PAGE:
Posted in David, grief

A Gift From the Heart

“What do you do to make yourself feel better when things get really bad?”

I waited quietly. After all, I was new to the grief support group, and the most recently widowed. Surely someone else in the room had some sage advice for the woman who’d asked the question.

No one spoke.  I hesitated briefly, then said, “Whenever I am having a really bad day, I’ve found that it helps to do something outside of myself; write a letter, send a card, do something for somebody else.”  I saw heads nodding in agreement.

I no longer hesitate when I feel prompted to do some kind deed; whether it is to give a hug or small gift, write a letter, or say “I love you.”  I can thank my mother and David for this new attitude. With David’s example post-cancer, I grew in love, and began reaching out to others in ways I had never let myself before. With my mother’s death, I grew in faith, and the love expanded. My world is so much bigger now than it was just two years ago.

This past Saturday I worked at my sister Pat’s consignment store for the first time since David’s death. My co-worker was my sister, Denise, the sister who can always make me laugh. Part of our job that day was to move the merchandise from the downstairs level to the upstairs, and then rearrange the displays. Through that process, I noticed things I hadn’t been aware of before; Like the beautiful table my sister was artfully arranging a display on.

“Oooh, I love that table,” I said, “How much is it?” I knew just where I could put it.

Denise lifted the price tag, “$250. It will be half price in a couple of weeks.”

$125 was still beyond my price range. I was very disappointed.

Later in the afternoon, I greeted a customer with a hug. This was no ordinary customer; she was my comrade in grief. Kathy had lost her husband just four months before my David died. My sister Pat had arranged for us to meet, hoping we could be a support for each other. Kathy is now my friend on Facebook and we will be working together at the shop very soon.

While I waited on a customer, I heard Denise talking to Kathy about the lovely table. “Do you like this table?” Kathy asked as I approached.

“Like it? I love it! I was lusting after it earlier…until I saw the price tag.”

“Do you want it?”

“Of course I do, but it’s too expensive.”

“You can have it.”

I thought she was joking. “Did you bring this table in?”

“Yes, and I want you to take it home.”

I was incredulous! She was offering me the beautiful table for no other reason than I wanted it?  “I couldn’t take it!” I protested.

“Why not?”

“Because it’s so valuable. Because I can’t just take it,” my protests seemed to fall on deaf ears.

She leaned forward and reached her hand out to me. “I want you to have it. I want you to take it home. I’ll be very upset if I come back and it is still here.”

I saw something in her eyes then, and was taken aback.  “I don’t know…” my voice trailed off.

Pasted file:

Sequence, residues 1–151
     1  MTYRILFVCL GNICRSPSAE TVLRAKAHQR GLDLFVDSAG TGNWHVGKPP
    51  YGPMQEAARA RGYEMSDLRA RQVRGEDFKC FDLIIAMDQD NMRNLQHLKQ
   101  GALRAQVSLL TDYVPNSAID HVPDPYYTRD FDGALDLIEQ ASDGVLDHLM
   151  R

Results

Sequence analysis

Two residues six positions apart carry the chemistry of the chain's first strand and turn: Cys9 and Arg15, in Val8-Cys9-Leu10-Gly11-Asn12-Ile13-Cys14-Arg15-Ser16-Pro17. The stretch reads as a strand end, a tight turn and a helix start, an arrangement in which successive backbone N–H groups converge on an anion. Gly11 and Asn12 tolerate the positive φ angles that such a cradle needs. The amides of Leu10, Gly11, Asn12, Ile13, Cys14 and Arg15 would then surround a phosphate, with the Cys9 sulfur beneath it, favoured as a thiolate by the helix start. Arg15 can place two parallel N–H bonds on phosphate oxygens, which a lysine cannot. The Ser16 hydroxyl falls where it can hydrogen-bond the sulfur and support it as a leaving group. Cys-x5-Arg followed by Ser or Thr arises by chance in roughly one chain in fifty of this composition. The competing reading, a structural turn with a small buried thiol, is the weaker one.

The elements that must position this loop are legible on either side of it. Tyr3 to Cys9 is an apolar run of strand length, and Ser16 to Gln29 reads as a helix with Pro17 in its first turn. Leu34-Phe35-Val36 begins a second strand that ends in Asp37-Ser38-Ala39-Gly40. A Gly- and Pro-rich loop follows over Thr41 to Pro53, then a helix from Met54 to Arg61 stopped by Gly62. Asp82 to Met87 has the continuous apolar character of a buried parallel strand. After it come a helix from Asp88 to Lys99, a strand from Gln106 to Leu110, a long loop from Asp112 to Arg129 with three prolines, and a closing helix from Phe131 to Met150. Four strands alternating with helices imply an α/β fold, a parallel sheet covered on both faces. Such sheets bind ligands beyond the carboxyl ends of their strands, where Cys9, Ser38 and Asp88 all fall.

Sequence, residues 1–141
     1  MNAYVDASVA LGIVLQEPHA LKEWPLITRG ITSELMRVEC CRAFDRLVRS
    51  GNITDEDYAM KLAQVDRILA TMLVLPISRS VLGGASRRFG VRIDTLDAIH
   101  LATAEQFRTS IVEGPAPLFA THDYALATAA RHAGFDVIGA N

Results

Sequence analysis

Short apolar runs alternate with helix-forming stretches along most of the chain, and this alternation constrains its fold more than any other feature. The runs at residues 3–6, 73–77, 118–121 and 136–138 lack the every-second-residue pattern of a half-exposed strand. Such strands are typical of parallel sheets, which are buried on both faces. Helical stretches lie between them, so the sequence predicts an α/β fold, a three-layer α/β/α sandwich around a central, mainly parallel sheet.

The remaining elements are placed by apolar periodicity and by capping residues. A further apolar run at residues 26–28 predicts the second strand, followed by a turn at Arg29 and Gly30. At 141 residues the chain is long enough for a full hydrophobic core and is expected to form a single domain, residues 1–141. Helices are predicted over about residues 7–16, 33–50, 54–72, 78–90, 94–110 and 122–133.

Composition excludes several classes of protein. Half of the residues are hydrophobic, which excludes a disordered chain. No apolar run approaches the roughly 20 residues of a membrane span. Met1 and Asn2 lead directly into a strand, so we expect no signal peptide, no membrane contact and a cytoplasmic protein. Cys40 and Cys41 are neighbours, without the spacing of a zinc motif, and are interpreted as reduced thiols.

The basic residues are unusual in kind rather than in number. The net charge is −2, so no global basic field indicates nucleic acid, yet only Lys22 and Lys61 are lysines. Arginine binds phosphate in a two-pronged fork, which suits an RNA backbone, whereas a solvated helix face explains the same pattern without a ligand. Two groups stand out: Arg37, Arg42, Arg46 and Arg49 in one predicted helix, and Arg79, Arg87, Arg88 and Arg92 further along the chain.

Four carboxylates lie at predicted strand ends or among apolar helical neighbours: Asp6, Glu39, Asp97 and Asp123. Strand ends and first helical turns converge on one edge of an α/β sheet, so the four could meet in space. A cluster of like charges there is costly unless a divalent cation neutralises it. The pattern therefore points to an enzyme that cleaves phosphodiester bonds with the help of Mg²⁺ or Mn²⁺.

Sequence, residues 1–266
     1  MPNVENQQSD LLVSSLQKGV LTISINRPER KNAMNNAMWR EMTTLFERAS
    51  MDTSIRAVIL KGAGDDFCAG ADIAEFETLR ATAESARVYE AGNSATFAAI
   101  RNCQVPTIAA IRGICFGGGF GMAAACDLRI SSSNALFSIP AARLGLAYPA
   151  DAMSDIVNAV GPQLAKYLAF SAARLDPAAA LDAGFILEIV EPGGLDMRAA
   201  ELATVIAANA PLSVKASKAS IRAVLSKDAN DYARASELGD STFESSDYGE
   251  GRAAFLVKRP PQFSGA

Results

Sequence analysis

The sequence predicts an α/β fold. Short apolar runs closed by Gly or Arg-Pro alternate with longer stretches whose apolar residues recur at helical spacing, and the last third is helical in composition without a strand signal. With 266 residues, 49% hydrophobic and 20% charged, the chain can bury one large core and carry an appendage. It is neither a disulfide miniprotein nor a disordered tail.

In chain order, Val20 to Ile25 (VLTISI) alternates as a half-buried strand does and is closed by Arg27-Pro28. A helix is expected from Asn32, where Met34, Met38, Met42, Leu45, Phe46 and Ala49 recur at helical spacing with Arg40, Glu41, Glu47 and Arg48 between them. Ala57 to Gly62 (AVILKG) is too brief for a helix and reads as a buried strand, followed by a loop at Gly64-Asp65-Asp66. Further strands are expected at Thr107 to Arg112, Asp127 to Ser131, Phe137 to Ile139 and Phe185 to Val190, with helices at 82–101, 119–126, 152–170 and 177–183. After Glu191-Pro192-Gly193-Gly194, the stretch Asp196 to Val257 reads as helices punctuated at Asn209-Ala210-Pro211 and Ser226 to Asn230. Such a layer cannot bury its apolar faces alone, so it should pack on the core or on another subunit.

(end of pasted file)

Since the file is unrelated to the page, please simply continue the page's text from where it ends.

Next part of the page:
“She’ll think about it,” Denise said, but I’d already made my decision. The look in Kathy’s eyes told me what I already knew;

When we hurt so bad, it helps to do something nice. Something unexpected, and outside of our own pain.

This is something I have tried to teach my daughter Elizabeth; When people want to help her family through Jacob’s cancer treatment, she needs to let them. It helps them to be able to help her.

Kathy intimately knows my pain. She lives it everyday.

I saw it in her eyes. By taking her generous gift, I could help her, too.

The table is now in my entryway. The flowers (that light up) were delivered to the funeral home, a gift from David’s siblings. I hadn’t had a good place for them before, but they look wonderful displayed on the table.

Every morning that table will be the first thing I see as I come downstairs. It will be a bright spot, a bit of joy in my life.  I will be reminded of Kathy’s kindness then, and our shared pain.

And I will pray for her.

Dear Lord, I lift my new friend, Kathy in prayer this morning. Thank you for beautiful things and beautiful people. Thank you for all your gifts this last week, including a visit from my dear friend, Mary, who took me out to lunch and bought me a jar of the dressing we’ve enjoyed on the fruit salads we have shared. Thank you for bringing my daughter Emily home safely from her mission trip. Thank you for the sister who brought Kathy and I together and the one who didn’t fail to make me laugh on Saturday. Thank you, Lord, for all my siblings and for David’s too.”

Another gift I received this week, one that might end up on my beautiful table when I find a new frame;

This drawing was also a gift from the heart; Emily drew it out of love after her father’s death. It looks more like him than the photo she drew it from did.

Author:

Author, public speaker, and workshop presenter for community colleges, libraries, women's groups and for grief support groups, Hospice and retreats. Certified grief counselor and Senior Service librarian for the James Kennedy Public library. Popular public speaker and workshop presenter on the topics of writing, couponing, utilizing your creativity in everyday life, and finding hope in grief. "Coupon Crazy: The Science, the Savings, and the Stories Behind America's Extreme Obsession" was published by Familius Publishing in 2014. "Chemo-Therapist: How Cancer Cured a Marriage" and "Refined By Fire: A Journey of Grief and Grace" were released by Familius in 2014. "Mary & Me: A Lasting Link Through Ink," co-written with Mary Jedlicka Humston of Iowa City, was published in September 2015. Grief journal to be released in 2018.

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